In the recent years, democracy has revealed a ‘not so benign’ side. Of course, most of us believe that democracy is the best system of governance and the most inclusive in its character. It does not discriminate on religious, ethnic or regional grounds.
But certain events unfolding recently, have unraveled that unequivocal trust in democracy, particularly the way it is being practised and the results it has yielded.
Despite democratic institutions having been firmly established in America by now, Donald Trump is firmly in the saddle. There is strong expectation that he will win another tenure as US President — to the horror of many. Many analysts and political commentators even from Pakistan envied and eulogised India for its persistence with democratic rule, which never faltered despite the country being beset with problems like caste, poverty, communalism, language and ethnicity, to mention only some of them. Now with Narendra Modi at the helm despite his blemished past and the not-so-enviable present, I am sure many of them are scratching their heads in sheer frustration and agony.
Of course, none of us will like to see a Hindu theocracy flourishing at the expense of minorities across our borders. But how have Modi and Amit Shah secured a thumping victory despite his dismal performance in his first tenure, is a question that continues to bother many. His comrade in the politics of exclusion, Benjamin Netanyahu, probably the longest serving Prime Minister of Israel, deserves particular mention here because he might have served as a role model for Modi with respect to ‘settling’ the issue of Kashmir.
By revoking Article 370, the BJP government is turning Kashmir into another Gaza. Also, Netanyahu considers Israel as a homeland for the Jews only; Modi thinks the same way about India and earnestly aspires to saffronize it.
As if these leaders and their antics in the name of democracy were not enough, United Kingdom, the mother of democracy and liberal values has to be content with Boris Johnson, who epitomises several villainies like bigotry and racism along with moral turpitude.
In Turkey, Recep Tayyip Erdogan, despite his successes at the economic front, became a source of societal convulsion when protests broke out against him in 2013. Young protesters said that despite his democratic mandate, he showed authoritarian inclinations and was out of touch with the newly-emerging middle class. Such characters are emerging thick and fast at the political scene in Brazil, France, Italy and even East European Hungary where Viktor Orban is making waves because of his bellicose, ultra-rightwing policies. His phrase “illiberal democracy” is as good a name as any for the form of government that many political theorists will ask us to guard against.
‘Illiberal democracy’ underpinned by their desire to exclude, binds all these demagogues together and is the cornerstone of their populist political appeal. In Germany, neo-Nazi ideology is permeating fast. In the ancient Greece, it was this form of democracy that provoked Socrates to disparage it as demagoguery, from which the Greek intelligentsia feared the most.
What is more alarming about the current state of politics is its similarity to the political trends prevalent in Europe in the 1930s. Political history, despite my strong caveat to that notion, seems to be repeating itself. And this time it may not be confined to Europe only. Its influence is likely to encompass Asia, and both the American continents.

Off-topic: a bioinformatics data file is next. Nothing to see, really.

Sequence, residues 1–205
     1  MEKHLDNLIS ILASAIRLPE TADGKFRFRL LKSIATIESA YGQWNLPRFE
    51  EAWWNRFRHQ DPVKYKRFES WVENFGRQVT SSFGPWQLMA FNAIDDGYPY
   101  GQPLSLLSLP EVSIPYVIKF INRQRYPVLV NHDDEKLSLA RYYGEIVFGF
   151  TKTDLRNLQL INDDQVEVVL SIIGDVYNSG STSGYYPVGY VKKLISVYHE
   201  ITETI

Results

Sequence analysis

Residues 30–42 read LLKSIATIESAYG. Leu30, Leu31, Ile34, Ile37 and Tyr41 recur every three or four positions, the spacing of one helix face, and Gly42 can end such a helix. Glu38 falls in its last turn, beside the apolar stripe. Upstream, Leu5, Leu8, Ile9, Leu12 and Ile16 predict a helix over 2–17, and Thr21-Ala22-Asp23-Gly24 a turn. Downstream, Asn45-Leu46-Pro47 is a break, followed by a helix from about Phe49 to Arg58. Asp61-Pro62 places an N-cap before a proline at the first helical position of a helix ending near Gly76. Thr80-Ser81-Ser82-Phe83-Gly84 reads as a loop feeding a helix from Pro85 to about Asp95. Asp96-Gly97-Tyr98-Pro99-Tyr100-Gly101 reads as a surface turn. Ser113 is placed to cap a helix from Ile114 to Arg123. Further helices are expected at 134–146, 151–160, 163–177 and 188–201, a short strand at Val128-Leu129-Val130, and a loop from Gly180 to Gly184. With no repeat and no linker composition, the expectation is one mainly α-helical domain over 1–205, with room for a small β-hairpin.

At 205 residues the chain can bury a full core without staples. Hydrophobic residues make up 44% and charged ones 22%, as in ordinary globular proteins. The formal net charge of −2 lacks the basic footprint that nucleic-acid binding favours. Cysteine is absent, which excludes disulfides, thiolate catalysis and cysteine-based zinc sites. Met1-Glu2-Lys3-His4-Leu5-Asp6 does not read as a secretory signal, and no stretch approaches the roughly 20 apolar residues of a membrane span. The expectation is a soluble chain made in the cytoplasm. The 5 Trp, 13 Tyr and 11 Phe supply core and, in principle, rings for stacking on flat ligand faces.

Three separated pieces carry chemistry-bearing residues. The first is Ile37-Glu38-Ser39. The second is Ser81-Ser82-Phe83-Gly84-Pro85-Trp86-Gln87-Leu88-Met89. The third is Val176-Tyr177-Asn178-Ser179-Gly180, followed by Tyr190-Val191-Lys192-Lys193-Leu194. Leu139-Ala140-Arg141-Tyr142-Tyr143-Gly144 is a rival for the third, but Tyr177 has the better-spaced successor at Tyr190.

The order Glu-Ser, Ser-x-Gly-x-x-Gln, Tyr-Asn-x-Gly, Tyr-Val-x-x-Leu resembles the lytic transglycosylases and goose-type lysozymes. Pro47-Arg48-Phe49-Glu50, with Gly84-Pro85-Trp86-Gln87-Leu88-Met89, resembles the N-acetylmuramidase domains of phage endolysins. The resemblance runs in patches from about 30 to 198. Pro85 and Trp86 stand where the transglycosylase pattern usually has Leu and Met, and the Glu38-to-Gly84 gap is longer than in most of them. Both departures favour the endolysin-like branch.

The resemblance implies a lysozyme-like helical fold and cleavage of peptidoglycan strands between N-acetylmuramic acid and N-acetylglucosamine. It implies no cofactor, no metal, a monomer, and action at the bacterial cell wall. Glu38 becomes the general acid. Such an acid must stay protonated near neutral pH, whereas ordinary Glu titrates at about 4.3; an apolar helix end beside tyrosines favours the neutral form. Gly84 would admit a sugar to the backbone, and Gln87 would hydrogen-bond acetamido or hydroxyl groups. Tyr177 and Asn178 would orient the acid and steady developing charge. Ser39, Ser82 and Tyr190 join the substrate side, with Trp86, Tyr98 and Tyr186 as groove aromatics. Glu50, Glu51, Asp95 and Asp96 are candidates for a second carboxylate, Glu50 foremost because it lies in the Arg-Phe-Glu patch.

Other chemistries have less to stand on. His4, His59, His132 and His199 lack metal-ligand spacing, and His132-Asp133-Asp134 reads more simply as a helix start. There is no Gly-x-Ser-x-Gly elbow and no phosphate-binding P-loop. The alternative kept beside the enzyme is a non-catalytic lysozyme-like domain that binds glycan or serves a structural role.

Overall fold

The leftist ideology, as well as politics of the left, (that also includes centre-left or liberal left) have faded away as an anachronism. With the leftist challenge having vanished almost completely, ultra-right-wing ideologues in major polities are in a walk-over situation. Importantly, the nexus between the popularly-elected Trump and Modi (demagogues) and the capitalist class comprising opulent families and business-houses, such as the Ambanis, the Bajaj family or in the case of Trump, New York Jets owner Robert Woody Johnson, Sheldon Adelson, etc, portends a spiral to crisis, the impact of which will be worldwide.
A nexus of such capitalists is bound to throw up a reaction of equal intensity; the only question is when that reaction will transpire. It seems that it is just a matter of time. The examples mentioned above may appear to be separate cases where problems are driven by specific policies, personalities, and historical context. But there is a common thread: the institutions.
According to Francis Fukuyama, institutions are ‘stable, valued, recurring patterns of behaviour” that persist beyond the tenure of individual leaders. They are, in essence, persistent rules that shape, limit, and channel human behaviour.’ Whenever polity fails to properly evolve institutions or the institutions become subservient to private interests, governance is bound to run into a crisis. That is quite evident in the two cases of USA and UK. It almost holds true in the case of India, too.
When private interests hold precedence over the democratic majorities, institutions need to reinvent themselves. This is not coming through. Consequently, democracy is in a deep crisis. A factor contributing to this situation is the rigidity of the rules and of the ideas supporting them.
When I recently shared these concerns with Prof. Tariq Rahman, he referred me to Aristotle’s criticism of democracy, which he saw as not wholly unjustified. That is what I will take up in my next column.